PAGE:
Alison Y. Chang

The Fauvel Project at Princeton

A DREU Summer 2013 Experience

Fauvel Team & Big Sur
Princeton Soundlab's Digital Fauvel team

About me:

I am a native New Yorker who is part of the Columbia University Class of 2016. I currently intend to double major in Computer Science and Psychology, but I won't be officially declaring until the end of my sophomore year (Spring 2014). Music is another huge part of my life, and I am excited to explore and bring together the classical music community at Columbia as the new president of the Columbia Classical Performers. Although this summer's CS research doesn't quite leave enough time to visit my beloved Taiwan, I am also a Programming Chair on the board of the Taiwanese American Students Association, excited to plan events throughout the next year. My email is ayc2135 AT columbia DOT edu, and, if you want, you can watch many of my performance videos on the YouTube channel that I share with my sister. The hardest adjustments I've faced here at Princeton have been the shock of cars stopping for me when I want to cross the street, my surprise at how early most stores close, and how much I miss my dog, Cookie. =]


About my mentor:

Rebecca Fiebrink is an assistant professor in Computer Science and affiliated faculty in Music at Princeton University. She describes her work as the intersection of human-computer interaction, applied machine learning, and music composition and performance. Her PhD dissertation, "Real-time Human Interaction with Supervised Learning Algorithms for Music Composition and Performance", involved use of a special software called the Wekinator, which allows users to create new musical instruments by teaching the computer to translate gestures into sounds, systems for analyzing gestures, real-time audio analysis and music information retrieval (i.e. what instrument is playing? What's the rhythm?), and other interactive systems.

Our project:

The Roman de Fauvel is a satirical, multimedia, medieval poem about a horse named Fauvel who corrupts France. The mix of poetry, images, and music in this important early multimedia object is both beautiful and intriguing. However, in order to study this 18" x 26" manuscript, it is currently necessary to consult at least half a dozen sources at once: a translation from old French to modern French, another from French to English, modern notation for the motets, conducti, and other genres of music, explanation of the images, and more.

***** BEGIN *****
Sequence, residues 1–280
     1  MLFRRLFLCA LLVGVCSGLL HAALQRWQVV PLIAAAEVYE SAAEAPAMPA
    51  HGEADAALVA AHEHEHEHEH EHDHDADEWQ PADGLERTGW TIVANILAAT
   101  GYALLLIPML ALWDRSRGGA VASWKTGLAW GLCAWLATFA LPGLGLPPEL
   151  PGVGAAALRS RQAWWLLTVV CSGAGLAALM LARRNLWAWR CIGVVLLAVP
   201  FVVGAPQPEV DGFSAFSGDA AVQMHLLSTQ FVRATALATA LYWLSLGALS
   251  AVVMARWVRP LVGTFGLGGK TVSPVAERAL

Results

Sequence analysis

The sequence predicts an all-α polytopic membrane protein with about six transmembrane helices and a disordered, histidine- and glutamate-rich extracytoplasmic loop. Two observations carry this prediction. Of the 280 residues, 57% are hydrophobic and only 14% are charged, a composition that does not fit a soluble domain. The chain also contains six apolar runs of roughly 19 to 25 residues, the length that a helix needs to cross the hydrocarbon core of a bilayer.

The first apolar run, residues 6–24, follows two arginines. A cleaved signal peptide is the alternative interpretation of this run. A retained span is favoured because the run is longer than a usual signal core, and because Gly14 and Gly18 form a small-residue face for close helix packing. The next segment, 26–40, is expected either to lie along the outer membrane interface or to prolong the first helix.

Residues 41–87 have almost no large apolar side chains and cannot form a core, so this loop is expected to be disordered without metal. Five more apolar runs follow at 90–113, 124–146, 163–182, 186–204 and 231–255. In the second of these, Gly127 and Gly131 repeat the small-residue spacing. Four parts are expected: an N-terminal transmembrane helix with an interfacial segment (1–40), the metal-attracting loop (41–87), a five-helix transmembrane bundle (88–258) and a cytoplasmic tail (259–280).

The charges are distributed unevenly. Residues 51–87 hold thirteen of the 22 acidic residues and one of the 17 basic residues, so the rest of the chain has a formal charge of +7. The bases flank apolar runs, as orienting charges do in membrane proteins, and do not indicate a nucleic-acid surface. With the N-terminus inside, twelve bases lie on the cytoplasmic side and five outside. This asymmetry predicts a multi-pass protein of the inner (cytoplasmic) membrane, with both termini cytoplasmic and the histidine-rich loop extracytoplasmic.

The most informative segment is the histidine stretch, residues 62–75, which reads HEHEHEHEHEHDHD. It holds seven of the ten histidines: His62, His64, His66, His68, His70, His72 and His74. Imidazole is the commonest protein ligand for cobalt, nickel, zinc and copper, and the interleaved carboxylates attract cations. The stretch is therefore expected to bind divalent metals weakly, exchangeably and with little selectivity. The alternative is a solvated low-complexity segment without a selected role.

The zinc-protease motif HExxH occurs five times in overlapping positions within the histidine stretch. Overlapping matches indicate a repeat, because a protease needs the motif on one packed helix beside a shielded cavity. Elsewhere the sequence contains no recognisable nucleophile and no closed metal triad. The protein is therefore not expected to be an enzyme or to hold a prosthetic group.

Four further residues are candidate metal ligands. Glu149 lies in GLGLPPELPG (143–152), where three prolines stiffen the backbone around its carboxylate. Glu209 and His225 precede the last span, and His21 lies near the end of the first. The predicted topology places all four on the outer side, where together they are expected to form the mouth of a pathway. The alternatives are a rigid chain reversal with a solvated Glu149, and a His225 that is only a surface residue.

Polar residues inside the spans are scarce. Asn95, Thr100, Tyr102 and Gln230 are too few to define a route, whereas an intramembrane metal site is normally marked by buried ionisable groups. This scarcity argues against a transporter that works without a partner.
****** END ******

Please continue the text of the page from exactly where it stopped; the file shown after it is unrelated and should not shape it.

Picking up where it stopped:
Our goal is therefore to create a digital version of the Roman de Fauvel on the Samsung SUR40, a large, multi-touch tabletop that we have affectionately dubbed "Big Sur", bringing together all the existing resources that assist in Fauvel studies without diminishing the experience of viewing it in its true size, color, and style.

The goals for this summer consequently range from the small scale - how will we encode the text of Fauvel using TEI and XML to enable easy navigation and search? - to the large - in what ways should users be able to interact with the music? Should they sing, and have the tablet sing along, or merely view modern notations of the voices? Initial goals for my summer studies therefore begin with gaining a deep understanding of Fauvel, coding programs that will assist in the preparation of all Fauvel text and folios (pages) for "Big Sur" display, and continue with higher level planning for the user interactions that we will support. The more that we - the undergraduate students - learn about Fauvel through everything from lessons on music history to independent exploration of existing "Big Sur" capabilities, culminating in an exciting combination of technology and musical studies, the more we are able to chime in with our own visions for the Digital Fauvel Project.

See more:

  • My weekly journal
  • Photographs
  • Favorite CS links
  • My final report: XML and Search Capabilities for Digital Fauvel